Send to

Choose Destination
Ophthalmic Physiol Opt. 2017 May;37(3):263-274. doi: 10.1111/opo.12377.

Scleral changes with accommodation.

Author information

Department of Biomedical Engineering, Wroclaw University of Science and Technology, Wroclaw, Poland.
Division of Pharmacy and Optometry, Faculty of Biology, Medicine and Health, University of Manchester, Manchester, UK.



To assess whether the sclera changes its shape during accommodation, quantify those changes and ascertain whether they depend on age and refractive power.


Twenty-two subjects, aged between 19 and 84 years old were recruited for the study. Young subjects were grouped according to their refractive power as emmetropes (seven subjects) and myopes (seven subjects). Data were obtained with a height corneo-scleral topographer (Eye Surface Profiler) with coverage area far beyond the limbus. Lenses of different power were used to stimulate accommodative demand of 0.0 D, 2.5 D and 4.0 D. Elevation differences between measurements acquired while at the intermediate or close target and infinity where calculated for each participant for the horizontal meridian for a 16 mm chord.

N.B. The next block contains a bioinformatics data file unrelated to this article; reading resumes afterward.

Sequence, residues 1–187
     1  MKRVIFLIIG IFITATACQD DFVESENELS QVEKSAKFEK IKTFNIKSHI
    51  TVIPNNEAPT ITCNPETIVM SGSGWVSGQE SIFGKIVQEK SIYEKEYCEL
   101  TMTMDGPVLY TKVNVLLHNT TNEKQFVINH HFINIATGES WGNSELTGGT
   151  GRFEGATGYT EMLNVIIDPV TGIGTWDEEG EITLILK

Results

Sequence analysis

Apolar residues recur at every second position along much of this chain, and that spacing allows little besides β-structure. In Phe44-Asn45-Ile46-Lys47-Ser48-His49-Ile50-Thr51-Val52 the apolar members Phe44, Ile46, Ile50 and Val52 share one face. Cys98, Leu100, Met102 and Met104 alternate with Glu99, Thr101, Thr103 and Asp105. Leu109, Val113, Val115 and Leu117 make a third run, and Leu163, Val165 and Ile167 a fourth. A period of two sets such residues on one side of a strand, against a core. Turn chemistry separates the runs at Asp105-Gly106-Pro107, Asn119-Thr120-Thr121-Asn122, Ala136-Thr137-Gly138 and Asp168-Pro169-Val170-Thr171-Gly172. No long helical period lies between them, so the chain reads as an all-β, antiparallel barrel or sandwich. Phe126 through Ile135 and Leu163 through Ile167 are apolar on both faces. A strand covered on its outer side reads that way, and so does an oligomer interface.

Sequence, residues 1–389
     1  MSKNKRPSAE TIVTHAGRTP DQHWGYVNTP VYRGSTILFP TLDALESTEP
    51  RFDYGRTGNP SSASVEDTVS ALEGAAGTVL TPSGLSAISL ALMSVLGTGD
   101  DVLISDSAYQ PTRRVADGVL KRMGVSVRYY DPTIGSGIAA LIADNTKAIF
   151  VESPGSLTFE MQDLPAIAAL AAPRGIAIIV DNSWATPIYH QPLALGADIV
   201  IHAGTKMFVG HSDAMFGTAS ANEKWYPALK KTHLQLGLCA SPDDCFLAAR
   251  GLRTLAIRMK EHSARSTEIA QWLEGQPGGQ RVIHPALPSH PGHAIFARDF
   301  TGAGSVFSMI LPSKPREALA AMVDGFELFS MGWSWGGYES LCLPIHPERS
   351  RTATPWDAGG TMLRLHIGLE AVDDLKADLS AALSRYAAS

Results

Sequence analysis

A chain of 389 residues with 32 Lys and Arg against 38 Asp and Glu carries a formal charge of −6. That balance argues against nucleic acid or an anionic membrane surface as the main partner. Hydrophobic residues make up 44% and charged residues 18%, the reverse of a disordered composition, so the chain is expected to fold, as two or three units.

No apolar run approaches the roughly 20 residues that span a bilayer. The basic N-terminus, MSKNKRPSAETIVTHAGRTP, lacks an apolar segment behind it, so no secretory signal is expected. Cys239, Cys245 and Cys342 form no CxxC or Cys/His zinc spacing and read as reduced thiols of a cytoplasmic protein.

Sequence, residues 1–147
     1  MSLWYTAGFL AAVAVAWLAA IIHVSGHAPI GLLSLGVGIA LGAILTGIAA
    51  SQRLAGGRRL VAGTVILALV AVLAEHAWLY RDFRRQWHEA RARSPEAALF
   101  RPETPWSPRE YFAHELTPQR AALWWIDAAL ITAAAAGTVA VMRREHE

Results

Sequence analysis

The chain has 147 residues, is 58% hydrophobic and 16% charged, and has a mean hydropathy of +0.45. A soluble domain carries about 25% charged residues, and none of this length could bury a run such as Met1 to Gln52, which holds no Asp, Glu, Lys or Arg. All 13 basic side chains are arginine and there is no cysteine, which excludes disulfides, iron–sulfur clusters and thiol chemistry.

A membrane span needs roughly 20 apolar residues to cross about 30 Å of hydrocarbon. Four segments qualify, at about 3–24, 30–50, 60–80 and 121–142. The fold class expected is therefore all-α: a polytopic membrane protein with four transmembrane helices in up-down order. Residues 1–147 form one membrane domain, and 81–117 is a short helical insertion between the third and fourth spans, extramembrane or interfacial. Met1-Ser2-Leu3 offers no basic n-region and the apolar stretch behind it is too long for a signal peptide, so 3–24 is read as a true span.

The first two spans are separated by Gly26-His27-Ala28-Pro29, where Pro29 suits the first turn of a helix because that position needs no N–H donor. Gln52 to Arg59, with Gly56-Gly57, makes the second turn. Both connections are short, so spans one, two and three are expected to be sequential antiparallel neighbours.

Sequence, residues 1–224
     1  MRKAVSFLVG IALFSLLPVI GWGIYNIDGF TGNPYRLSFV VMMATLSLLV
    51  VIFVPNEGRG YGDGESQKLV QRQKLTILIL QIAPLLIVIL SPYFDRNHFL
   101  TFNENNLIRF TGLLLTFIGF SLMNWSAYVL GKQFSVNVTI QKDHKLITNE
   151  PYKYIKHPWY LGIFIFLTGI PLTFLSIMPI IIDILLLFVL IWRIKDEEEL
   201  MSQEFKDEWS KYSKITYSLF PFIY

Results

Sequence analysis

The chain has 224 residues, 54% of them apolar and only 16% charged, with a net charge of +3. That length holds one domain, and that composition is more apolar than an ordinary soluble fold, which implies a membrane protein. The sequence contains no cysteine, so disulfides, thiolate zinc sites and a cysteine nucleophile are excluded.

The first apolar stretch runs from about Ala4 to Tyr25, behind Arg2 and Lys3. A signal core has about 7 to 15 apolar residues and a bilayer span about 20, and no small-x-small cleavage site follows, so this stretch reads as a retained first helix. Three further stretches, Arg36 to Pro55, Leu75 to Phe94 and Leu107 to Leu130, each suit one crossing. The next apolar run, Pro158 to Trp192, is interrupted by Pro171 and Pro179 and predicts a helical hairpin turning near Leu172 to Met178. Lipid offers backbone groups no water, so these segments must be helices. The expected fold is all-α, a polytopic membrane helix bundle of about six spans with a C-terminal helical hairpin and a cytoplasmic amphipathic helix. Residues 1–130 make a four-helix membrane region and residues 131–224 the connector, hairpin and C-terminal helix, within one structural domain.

We found that sclera undergoes significant changes in its shape with accommodation in young subjects able to accommodate but not for those with limited accommodation. For a 4.0 D stimulus at the nasal side the scleral change amounted on average to 390 ± 330 μm (mean ± S.D.) for the young group. This phenomenon was more pronounced in myopes (for a 4.0 D target; nasal part: 560 ± 350 μm (mean ± S.D.)) than emmetropes (for a 4.0 D target; nasal part: 220 ± 120 μm (mean ± S.D.)). Differences were also found between different meridians.


Scleral shape undergoes changes with accommodation and this phenomenon is more pronounced in myopes than emmetropes.


accommodation; anterior eye surface; myopia; sclera; topography

Comment in

[Indexed for MEDLINE]

Supplemental Content

Full text links

Icon for Wiley
Loading ...
Support Center